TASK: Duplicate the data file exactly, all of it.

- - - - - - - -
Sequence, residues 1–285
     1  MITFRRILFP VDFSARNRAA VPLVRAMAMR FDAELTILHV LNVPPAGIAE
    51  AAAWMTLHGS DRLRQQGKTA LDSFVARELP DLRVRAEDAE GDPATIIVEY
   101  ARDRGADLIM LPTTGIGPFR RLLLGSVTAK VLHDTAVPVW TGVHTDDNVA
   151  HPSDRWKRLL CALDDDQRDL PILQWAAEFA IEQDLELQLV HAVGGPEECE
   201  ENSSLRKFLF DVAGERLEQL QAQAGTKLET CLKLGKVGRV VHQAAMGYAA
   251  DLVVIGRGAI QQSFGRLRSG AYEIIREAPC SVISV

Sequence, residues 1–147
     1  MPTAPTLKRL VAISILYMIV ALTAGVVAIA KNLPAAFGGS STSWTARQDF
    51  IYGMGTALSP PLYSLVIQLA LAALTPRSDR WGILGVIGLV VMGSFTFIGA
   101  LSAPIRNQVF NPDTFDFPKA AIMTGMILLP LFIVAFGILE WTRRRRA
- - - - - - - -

Sequence, residues 1–285
     1  MITFRRILFP VDFSARNRAA VPLVRAMAMR FDAELTILHV LNVPPAGIAE
    51  AAAWMTLHGS DRLRQQGKTA LDSFVARELP DLRVRAEDAE GDPATIIVEY
   101  ARDRGADLIM LPTTGIGPFR RLLLGSVTAK VLHDTAVPVW TGVHTDDNVA
   151  HPSDRWKRLL CALDDDQRDL PILQWAAEFA IEQDLELQLV HAVGGPEECE
   201  ENSSLRKFLF DVAGERLEQL QAQAGTKLET CLKLGKVGRV VHQAAMGYAA
   251  DLVVIGRGAI QQSFGRLRSG AYEIIREAPC SVISV

Sequence, residues 1–147
     1  MPTAPTLKRL VAISILYMIV ALTAGVVAIA KNLPAAFGGS STSWTARQDF
    51  IYGMGTALSP PLYSLVIQLA LAALTPRSDR WGILGVIGLV VMGSFTFIGA
   101  LSAPIRNQVF NPDTFDFPKA AIMTGMILLP LFIVAFGILE WTRRRRA